I’m relieved that Kris Bryant’s service time grievance has finally been resolved and I’m obviously happy that the Cubs will retain their two years of team control – whether they put those two years to use on the field or cash them in for future value remains unclear, but the outcome was objectively good for the team. That’s not debatable.
It’s also not debatable that it’s good that it’s finally over. Everyone can definitely be happy about that. We certainly are.
But still … it feels wrong to celebrate the result of the decision.
Remember, this is was a grievance filed through and for Bryant, but on behalf of the entire players union and other players in his position. What the Cubs did may have been technically sound (and even strategically encouraged by the very rules to which the union agreed), but working around player service time to maximize team control has always felt at least a little off. And given how high-profile and perfect Bryant’s case was (a tippy-top prospect who crushed Spring Training and missed by ONE day), no one else stands a chance in the current CBA environment. The service time games will continue unabated, and that isn’t necessarily a good result.
- Sure, all of this can change in the upcoming CBA negotiations, but this is just one more bit of leverage the league has over the union, in a relationship that’s already unbalanced in their favor. And considering how little restraint the league has shown in the past (in terms of exercising that leverage to their benefit, but possibly to the overall detriment of baseball proper), I’m not particularly optimistic. Spending may have gone up for an offseason, but a strike or lockout still looms on the horizon, and one of the union’s best shots at pre-negotiation leverage just left the arbitrator’s pen.
No surprise #Cubs prevailed over Bryant in service-time grievance, as first reported by @JeffPassan. Decision, however, is still quite meaningful, setting the stage for the service-time question to be a point of contention in next CBA negotiations.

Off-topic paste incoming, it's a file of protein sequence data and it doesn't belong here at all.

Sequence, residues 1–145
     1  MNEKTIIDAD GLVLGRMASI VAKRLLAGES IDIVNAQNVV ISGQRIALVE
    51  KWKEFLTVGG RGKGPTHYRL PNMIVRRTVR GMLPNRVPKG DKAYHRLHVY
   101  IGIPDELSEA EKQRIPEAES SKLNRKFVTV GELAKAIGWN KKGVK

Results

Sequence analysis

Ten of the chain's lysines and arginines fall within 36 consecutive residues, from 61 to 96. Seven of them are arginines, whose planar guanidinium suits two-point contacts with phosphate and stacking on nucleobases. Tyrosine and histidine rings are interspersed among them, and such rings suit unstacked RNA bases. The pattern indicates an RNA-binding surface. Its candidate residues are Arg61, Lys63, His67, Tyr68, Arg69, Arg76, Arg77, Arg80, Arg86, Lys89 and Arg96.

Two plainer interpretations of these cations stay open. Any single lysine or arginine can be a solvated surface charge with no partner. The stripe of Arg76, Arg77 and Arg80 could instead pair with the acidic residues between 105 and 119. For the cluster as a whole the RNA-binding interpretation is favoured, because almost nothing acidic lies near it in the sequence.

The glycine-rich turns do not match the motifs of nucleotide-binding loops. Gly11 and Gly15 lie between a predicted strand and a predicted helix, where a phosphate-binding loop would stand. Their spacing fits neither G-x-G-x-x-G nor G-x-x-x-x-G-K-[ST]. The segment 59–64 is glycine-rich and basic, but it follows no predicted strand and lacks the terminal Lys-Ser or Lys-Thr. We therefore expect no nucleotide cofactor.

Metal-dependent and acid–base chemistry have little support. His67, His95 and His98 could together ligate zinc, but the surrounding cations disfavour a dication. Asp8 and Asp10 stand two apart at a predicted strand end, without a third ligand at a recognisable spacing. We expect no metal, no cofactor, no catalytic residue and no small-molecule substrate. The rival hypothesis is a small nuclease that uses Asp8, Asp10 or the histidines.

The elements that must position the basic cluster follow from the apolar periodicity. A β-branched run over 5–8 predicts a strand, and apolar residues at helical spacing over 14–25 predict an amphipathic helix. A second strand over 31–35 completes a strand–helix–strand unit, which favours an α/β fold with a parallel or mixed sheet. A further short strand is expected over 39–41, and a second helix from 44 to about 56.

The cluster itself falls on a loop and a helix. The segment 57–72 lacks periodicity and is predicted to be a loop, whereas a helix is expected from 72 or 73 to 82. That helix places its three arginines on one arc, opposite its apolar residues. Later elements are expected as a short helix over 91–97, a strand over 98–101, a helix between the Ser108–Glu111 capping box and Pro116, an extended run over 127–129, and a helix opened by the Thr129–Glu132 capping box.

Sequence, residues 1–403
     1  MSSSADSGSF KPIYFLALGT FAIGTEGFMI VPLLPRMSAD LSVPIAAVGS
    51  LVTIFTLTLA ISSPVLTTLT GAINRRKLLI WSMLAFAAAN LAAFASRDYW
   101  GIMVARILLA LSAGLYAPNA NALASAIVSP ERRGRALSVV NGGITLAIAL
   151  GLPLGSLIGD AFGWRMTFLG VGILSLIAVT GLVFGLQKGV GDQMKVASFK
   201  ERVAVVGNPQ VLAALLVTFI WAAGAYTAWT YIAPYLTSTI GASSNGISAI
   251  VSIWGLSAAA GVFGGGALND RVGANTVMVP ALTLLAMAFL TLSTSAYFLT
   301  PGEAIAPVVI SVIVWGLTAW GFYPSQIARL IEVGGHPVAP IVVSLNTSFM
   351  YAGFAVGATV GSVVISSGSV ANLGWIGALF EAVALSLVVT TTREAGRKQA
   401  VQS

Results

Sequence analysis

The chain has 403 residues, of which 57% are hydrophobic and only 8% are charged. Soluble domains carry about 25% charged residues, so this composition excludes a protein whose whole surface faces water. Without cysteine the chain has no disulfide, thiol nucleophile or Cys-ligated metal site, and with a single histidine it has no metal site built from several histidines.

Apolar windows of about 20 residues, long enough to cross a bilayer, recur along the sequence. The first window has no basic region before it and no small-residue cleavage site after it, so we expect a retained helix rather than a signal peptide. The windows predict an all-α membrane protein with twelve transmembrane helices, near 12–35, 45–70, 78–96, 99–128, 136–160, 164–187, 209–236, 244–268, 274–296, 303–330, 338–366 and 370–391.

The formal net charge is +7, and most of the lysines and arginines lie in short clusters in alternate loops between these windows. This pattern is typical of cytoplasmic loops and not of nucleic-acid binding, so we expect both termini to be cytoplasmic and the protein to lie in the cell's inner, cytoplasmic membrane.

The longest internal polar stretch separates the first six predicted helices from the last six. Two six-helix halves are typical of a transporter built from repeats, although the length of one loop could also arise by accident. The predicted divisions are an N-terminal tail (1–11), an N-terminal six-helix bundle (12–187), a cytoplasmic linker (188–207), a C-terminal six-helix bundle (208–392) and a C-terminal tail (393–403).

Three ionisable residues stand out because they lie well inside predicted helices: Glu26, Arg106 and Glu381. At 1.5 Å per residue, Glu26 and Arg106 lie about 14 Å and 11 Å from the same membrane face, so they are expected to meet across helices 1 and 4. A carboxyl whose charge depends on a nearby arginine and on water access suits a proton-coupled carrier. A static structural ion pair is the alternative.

— Ken Rosenthal (@Ken_Rosenthal) January 29, 2020
Certainly this offseason was a well-timed turn in free agency for the owners with respect to upcoming CBA negotiations. But doesn't really change issues with service time, mid-tier free agency, tanking, etc. So he's not wrong. https://t.co/ljPm0yjSSK
— Bleacher Nation (@BleacherNation) January 27, 2020
- A group of congressmen have created the Save Minor League Baseball Task Force,” (hey they’re not known for their creativity), and that task force has released a non-binding, symbolic resolution stating that, hey, they’d like to save Minor League Baseball from MLB’s contraction plan. There’s nothing really moving in opposition to the league just yet, but perhaps this task force can elevate the issue nationally and apply a little bit of additional pressure to the league. You can read the resolution, the league’s response, and some commentary from Craig Calcaterra right here.
- The year 2028 used to seem like some make-believe future-time we’ll never actually reach, but it’s actually this decade, and with it could come some significant change across MLB. At CBS Sports, Mike Axisa takes a really fun and informative look into everything that could change around that year and I think you’ll want to check it out. Among the possible changes: Rays relocation, two MLB expansion teams, league-wide realignment, shorter seasons, new playoffs, etc. There’s a lot, and a lot of it is highly realistic.
- Former Cubs manager Dusty Baker continues to be the choice of the Astros, but, despite a Bob Nightengale report to the contrary, the negotiations are apparently on-going:
— MLB Network (@MLBNetwork) January 29, 2020
- As Rosenthal points out, Dusty tends to win most places he goes … but I wouldn’t jump for joy if he were my favorite team’s manager. He’s just not my style.
- More Brewers injury news, in addition to Luis Urias, another young position player is going to be slowed in camp:
Update on this notebook: Tyrone Taylor told us he had wrist surgery and was good to go for Spring Training, but he may have been mistaken about the second part. We are now told he will be limited in camp and is questionable for the start of the season. https://t.co/UD6auCY6Xy
— Adam McCalvy (@AdamMcCalvy) January 29, 2020
- Infamous non-Bears QB Patrick Mahomes once threw a no-hitter in high school, and not against only a bunch of scrubs – White Sox pitcher Michael Kopech was on the other team! Read about it here:
One time in high school, Patrick Mahomes threw a no-hitter against Michael Kopech.
Mahomes struck out 16 dudes. Here is what five of those dudes — including Kopech — and some other dudes remember about that day: https://t.co/e6fhLNbzcT
— Andy McCullough (@ByMcCullough) January 28, 2020